The Outstanding Half Marathon Race Recap

We’ve been back from California for about a week and I’m still feeling a little loopy. In the last month, we’ve been on 4 flights (actually doesn’t seem like a lot now that I type it out), but it sure feels like it wrecked havoc on our routine or whatever one I can have with a 9 month old.

We decided the last minute to (re)book the trip to Southern California for the sun and warmth. We were able to get fairly inexpensive flights and found an Airbnb (our first time) in a great location. I had decided to not sign up for another marathon and when I learned about A Better World Running and The Outstanding Half Marathon in Santa Monica, it seemed like a lot of fun. A low-key, really casual race along Santa Monica State Beach – perfect!

The race was the day after we arrived and between tired legs and jet lag, I had serious thoughts about downgrading to the 10K or 15K but am glad I stuck with the half. The start and finish line at Crescent Bay Park was an easy Uber ride from where we were staying (though if I had planned my morning better, I could have easily run the mile there). The race is measured in clock time so in type-A fashion, I was super anxious about making sure I got there in time. Bib pick up was easy and there was also in-person registration available that day. A race that doesn’t sell out months in advance, wow, very different from the NYRR experience at home. I pinned on my bib, dropped my bag off behind the registration table, and stretched out a little all and then we were off. The course goes along the different beach paths on Santa Monica State Beach. There is chalk marking the turns for the 5K, 10K, 15K, and half. The half marathon goes a little over 2 miles north and then turns back around. You run the out and back loop 3 times. I’m not generally a fan of out and backs but this one wasn’t so bad. I enjoyed the flat course, knowing about how much distance I had left before turning around, and seeing others on the course at various points in their race. All of the runners and organizers were super nice. The runners cheered each other on during the course (a benefit of an out and back), which is also very different from what I am used to with the crowded NYC runs.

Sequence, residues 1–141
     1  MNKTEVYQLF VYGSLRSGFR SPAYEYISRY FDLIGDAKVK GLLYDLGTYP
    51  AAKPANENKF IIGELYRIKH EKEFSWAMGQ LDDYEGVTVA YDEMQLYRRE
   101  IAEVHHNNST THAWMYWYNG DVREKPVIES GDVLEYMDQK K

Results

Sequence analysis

The water and fuel station was at the start and finish line, so it was only available 2 times for the half. I hadn’t really thought too much about whether this would be an issue for my hydration and as I watched others on the course with their own water bottles, I probably should have carried one as well. The temperatures were in the low 60s at the start but by the time I finished it was well into the 70s. Parts of the course were shaded and there was a nice breeze from the Pacific Ocean but it was still hot (especially in comparison to home) and I was a sweaty mess.

While this race was not a PR (and I wasn’t aiming for one nor am I in shape enough), I ran a very well executed race. The first mile was 9:59 and the 13th mile was the fastest at 9:10. I gradually ran around 10 seconds faster for the first 6 miles and from mile 7 on, ran at a very consistent pace ranging from 9:22 to 9:10. While I was feeling tired and my legs started to cramp a little towards the end, I knew Josh and Charlotte were waiting for me at the finish (thank you Forerunner 35 for the text notifications) so I was motivated to run faster. This was Charlotte’s first time spectating one of my races so it was extra special to see her at the finish. I even ran over to hug her right before the finish — I think she was confused who the sweaty weirdo was wearing a hat and sunglasses. My finish time was 2:04, a little less than a minute slower than my Central Park Half time in February. I have some work to do, if I want to get back to the fitness level I was at pre-baby but I am in no rush and just happy to be able to run these distances.

Overall I had a great time running The Outstanding Half Marathon and really enjoyed my first casual race environment. It’s also of course hard to not enjoy running along the beach and watching the sun rise along the Pacific Ocean. If I lived in the area, I would probably be running one of A Better World Running’s races every weekend! There’s something to be said about the weather and simplicity of a low-key race culture.

And oh, we had a great time eating our way through Santa Monica afterwards. There were a lot of walks along 3rd Street Promenade, Tongva Park, the beach and Santa Monica Pier. With a baby, our vacation was much more low-key but it was exactly what we were looking for.